When you come from a place of confidence, you’re more likely to take risks, you can bounce back more easily from mistakes you make working in a new medium where you’re not as skillful. So you feel like there’s a drop in your skill for a short period of time, you’re willing to stick with it to keep going because you’re curious. And, you can figure that skill part out.
I feel like if you have these art foundations, it’s really about confidence in the long run. So many people have told me that they feel like they have a learning gap. Then they use the term ‘self taught’ to talk about how they don’t have that official piece of paper to say they’re an artist. And I say, well then let’s do something about it, right? Let’s get you out of that mindset and help you so that you can start exploring and taking risks.
You can’t be creative without taking risks. You have to try new things. You have to test ideas out and they often don’t turn out well the first time. Part of the creative process is toying with ideas that you have and following them down whatever rabbit hole they lead you to. Then deciding if it’s one you want to stick with and dig your heels in on and really give it a go, or if you want to try something new.
How can you break the rules of art when you don’t know what they are?
Carrie: I’d rather people consciously break the rules of art so that they can feel confident in their choices, than unknowingly breaking a rule that maybe isn’t serving their art, because they haven’t thought about it before, or they didn’t even know. You don’t know what you don’t know. Right? You don’t need to be obsessive about the rules. For example, there are multiple rules of art composition that you can explore, but there’s no one right rule of composition. People have used many different approaches, but knowing what those are when you approach your painting, you can say, well, do I like one of these? Or do I want to try something different?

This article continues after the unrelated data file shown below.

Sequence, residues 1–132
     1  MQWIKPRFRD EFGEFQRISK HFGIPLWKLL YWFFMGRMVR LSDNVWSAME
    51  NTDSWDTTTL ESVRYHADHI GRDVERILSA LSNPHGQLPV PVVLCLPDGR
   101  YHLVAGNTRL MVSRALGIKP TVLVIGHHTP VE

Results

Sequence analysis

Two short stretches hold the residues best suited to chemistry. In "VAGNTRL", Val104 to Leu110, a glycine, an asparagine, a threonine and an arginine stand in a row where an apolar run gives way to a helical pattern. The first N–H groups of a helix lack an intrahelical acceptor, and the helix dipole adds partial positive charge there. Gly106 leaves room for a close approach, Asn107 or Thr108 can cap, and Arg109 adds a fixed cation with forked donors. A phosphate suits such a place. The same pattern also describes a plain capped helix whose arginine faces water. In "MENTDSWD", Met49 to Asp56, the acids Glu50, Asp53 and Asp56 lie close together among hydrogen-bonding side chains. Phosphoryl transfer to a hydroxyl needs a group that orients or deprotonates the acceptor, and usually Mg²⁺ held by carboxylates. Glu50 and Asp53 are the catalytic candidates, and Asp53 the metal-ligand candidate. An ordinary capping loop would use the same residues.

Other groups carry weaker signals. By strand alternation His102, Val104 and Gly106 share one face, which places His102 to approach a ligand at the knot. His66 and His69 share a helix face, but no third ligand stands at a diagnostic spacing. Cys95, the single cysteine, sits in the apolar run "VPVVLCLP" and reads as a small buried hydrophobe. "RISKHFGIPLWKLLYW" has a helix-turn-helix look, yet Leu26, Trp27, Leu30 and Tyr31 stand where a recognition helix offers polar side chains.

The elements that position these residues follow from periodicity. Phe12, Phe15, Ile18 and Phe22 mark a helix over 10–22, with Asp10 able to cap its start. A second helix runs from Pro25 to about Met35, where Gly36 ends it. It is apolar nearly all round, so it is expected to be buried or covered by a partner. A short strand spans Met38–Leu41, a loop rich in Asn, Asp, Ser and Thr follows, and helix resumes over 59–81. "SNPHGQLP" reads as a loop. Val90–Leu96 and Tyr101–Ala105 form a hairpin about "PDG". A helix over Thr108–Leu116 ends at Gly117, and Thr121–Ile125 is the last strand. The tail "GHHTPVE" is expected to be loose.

How Carrie became a confident artist?
Carrie: I’ve been making art since I was in middle school. But I have dealt most of my life with perfectionism as a problem. And I, I know a lot of people use that phrase as a backhanded compliment for themselves. But I know that it’s a fault. It’s held me back from taking risks and doing things with my art.
I also had this tied up notion of talent. I’d practice so hard and there’d be these periods in my life where I felt like I just wasn’t getting any better. And I didn’t understand why. And so it made me start to think, well, maybe you are born with a certain limit, and this is all you get. And I felt that way, even when I was starting to teach high school students because I did that straight out of university. I wanted so much to help them. But I couldn’t always figure out how to help them see the things that they’re not seeing right now. So I got really interested in research on developing our skills in any discipline.